My father used to coach our daughters on the way to score in basketball. "Bend your knees, eyes on the rim, follow through," he would say over and over again. They would shoot and shoot and shoot for hours in the driveway of my parents' home. Sometimes the ball went through the lace, and even more often, it bounced off the rim or backboard and sent them scurrying until they stood in their "spot" and tried again. Having played in college (Dad was a member of the 1941 Long Island University championship team that won the national championship at Madison Square Garden), his grandchildren trusted he knew his stuff on the court. On those summer evenings, they thought he was teaching them basketball, but he was really teaching them (as he did my siblings and me years before) his own form of meditation that would serve us all well.
Meditation, thought by some to be a uniquely Buddhist practice, comes in many guises. Buddhists do use meditation to transform themselves. It helps them move beyond the world's many distractions to find the true nature of things. Since it dates back thousands of years, and we continue to embrace it in different ways, it must work, right?
In fact, clinical evidence reports that mindfulness meditation, where a person focuses on the simple in and out of the breath, has many benefits. It is said to improve brain health and emotional control. It decreases stress, anxiety and depression and even reduces blood pressure. In fact, various types of meditation have gained in popularity in the U.S. and around the world, due to their health benefits.
I bring this up today, because we are in the middle of May, the month in which the Buddha's birthday is celebrated on different days and in different ways around the world. Since many meditation practices have their genesis in Buddhism, let's take a look at this legendary man...
Here a monk in Nepal lights candles in celebration of Buddha's birthday.
The Buddha was born Prince Siddhartha Gautama about 2600 years ago in Northern India, now known as Nepal. While many royals through the ages have been satisfied to enjoy their wealth and power, Siddhartha was deeply troubled by what he considered an unjust caste system and the harsh facts of birth, old age, sickness and death. In what must have been a deep personal crisis, he left the palace and spent six years on a spiritual quest. During that time he perfected his own meditation skills and gained insight into the interdependence of everything around him. We are told that during this time he realized that the key to life is detachment from material things and an acceptance of karma, a cycle that propels us to learn and grow and awaken. This was his "awakening," and he became known by his followers as Buddha (which is a Sanskrit word meaning "The Awakened One.")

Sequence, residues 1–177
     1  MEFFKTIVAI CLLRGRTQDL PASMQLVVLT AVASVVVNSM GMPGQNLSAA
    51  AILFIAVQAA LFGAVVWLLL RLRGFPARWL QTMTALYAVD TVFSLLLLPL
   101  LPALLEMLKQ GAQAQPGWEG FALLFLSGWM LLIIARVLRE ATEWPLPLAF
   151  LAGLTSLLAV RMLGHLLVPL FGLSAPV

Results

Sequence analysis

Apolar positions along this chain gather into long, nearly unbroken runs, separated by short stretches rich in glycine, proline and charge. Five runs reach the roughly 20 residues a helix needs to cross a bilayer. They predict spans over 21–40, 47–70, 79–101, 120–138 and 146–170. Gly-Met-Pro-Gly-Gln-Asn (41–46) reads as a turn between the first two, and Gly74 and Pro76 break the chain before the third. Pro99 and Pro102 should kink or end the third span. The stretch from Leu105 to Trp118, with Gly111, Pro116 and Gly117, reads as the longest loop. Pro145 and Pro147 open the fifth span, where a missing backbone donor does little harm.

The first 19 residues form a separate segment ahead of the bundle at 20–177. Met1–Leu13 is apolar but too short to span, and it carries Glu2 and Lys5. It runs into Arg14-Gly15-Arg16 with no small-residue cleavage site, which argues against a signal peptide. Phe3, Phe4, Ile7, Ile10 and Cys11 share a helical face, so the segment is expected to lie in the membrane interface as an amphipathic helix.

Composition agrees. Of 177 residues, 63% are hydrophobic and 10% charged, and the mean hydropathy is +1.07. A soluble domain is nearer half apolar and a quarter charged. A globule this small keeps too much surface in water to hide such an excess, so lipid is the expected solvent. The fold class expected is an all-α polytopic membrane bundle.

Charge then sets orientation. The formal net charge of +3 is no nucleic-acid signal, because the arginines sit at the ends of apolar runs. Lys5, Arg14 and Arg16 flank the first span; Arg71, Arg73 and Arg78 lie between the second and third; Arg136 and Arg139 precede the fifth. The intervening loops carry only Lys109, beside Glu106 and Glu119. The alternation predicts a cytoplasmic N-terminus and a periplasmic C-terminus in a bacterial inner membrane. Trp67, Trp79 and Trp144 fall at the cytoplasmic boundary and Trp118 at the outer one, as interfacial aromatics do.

Buddhist monks celebrate Buddha's Birthday with a parade in Asia.
His teachings are legendary and his followers are many after almost three millennia. At InfinityAngel.com, we have found Buddha, his teachings and the very concept of meditation to be keys to finding a centered life. And, we chose a product named for him, The Buddha Board
, as our first non-Infinity Angel product to represent. This enchanting "spiritual Etch-a-Sketch," as I like to describe it, reminds me of the day I first drew The Infinity Angel in the sand of Ogunquit Beach. You doodle, you write, you let your creativity flow...and you never know what will happen. And then it is gone.
The Buddha Board provides constant lessons about impermanence, about letting go of expectations and letting go of results. When the water dries on your Buddha Board, and you can't stop it, you have to simply remember your creation, because it is gone forever.
I wish I could see the first Infinity Angel I drew on Ogunquit Beach again, but the tides took her away. And, yet, she still inspires me to do things in her name and every time I hear how she helped someone, I am humbled. In her story, I wrote that she taught me in that moment to "focus, believe and let go."
Hmm...sounds a lot like, "bend your knees, eyes on the rim, follow through." Thanks, Dad. And thank you, Buddha, for communicating and inspiring millions of people since you left the palace. And, Happy Birthday, from people around the globe.
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